The 1978 Order in Executive Council establishing the ACC set out its objectives:
- To promote in Australia a greater awareness of China;
- To promote in China a greater awareness of Australia;
- To enlarge areas of contact and exchange between Australia and China;
- To provide a focus for the collection, exchange and dissemination of information; and,
- To provide a source of advice on ways in which relations may be encouraged, strengthened and developed.
Having been established for five years, the ACC reviewed its operations in 1985 and concluded that it had generally achieved these targets, although unsurprisingly it had been more successful in Australia than in China. It noted that some of its projects had already reached a wide public and could be expected to have long-term effects. In its published review of the years 1979-1985, it is interesting to note some of those projects judged particularly worthwhile at the time.
Radio Australia (RA) had an audience in China estimated then to exceed eight million. The ACC contributed to a competition run through its Chinese and Japanese language broadcasts, where listeners were invited to send examples of their calligraphy on the theme of friendship. Thousands of contributions were received from China, flooding RA’s Beijing letterbox and forcing them to recruit temporary staff to assist in processing the letters. Winners of the competition were invited to Melbourne and an exhibition of some of the entries toured the country. The ACC also assisted in the development of broadcast programmes teaching conversational English.
China’s first English-language newspaper, the China Daily, started in 1982, with considerable assistance from The Age newspaper, and the ACC sponsored China Daily staff for training in Australia between 1980 and 1985, thus establishing a long-term link between media in both countries.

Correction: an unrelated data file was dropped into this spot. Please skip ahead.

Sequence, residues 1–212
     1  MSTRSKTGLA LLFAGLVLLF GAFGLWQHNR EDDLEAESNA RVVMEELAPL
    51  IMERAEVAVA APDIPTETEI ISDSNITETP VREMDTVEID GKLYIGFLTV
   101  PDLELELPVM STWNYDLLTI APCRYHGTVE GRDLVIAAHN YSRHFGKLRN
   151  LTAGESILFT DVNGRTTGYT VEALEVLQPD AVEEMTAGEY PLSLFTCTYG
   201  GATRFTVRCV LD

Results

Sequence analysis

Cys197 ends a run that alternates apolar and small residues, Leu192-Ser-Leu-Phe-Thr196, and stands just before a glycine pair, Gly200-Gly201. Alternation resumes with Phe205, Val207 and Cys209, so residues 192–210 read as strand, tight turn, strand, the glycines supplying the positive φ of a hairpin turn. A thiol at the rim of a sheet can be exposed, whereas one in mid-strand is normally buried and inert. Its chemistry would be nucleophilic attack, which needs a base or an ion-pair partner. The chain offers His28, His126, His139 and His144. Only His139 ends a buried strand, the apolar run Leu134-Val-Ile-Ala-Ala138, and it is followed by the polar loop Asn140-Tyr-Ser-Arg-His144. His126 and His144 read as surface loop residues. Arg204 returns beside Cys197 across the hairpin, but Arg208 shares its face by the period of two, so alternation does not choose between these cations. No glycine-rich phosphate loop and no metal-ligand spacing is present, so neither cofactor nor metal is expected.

At the time that the ACC was established, Australian sporting teams traditionally looked to Asia and Europe for international competition. In order to encourage sportsmen and women and the public to think of Australia as a regional partner and to develop the sporting public’s consciousness of either country as a sporting opponent, the ACC promoted the China-Australia Ampol Soccer Cup. The first of the Cup series was played in China in November 1984 and televised in Australia by SBS and a second match took place in Australia in 1985.
A survey by the ACC commissioned in 1980 found that several thousand Australian school students were studying Chinese but there was no suitable textbook. In order to encourage more schools to introduce Chinese language programs, the Council arranged for the most promising textbook, a Queensland pioneer text titled Hanyu, to be trialled in schools in 1983 and 1984. This text was made generally available around Australia in 1986 and is still widely used.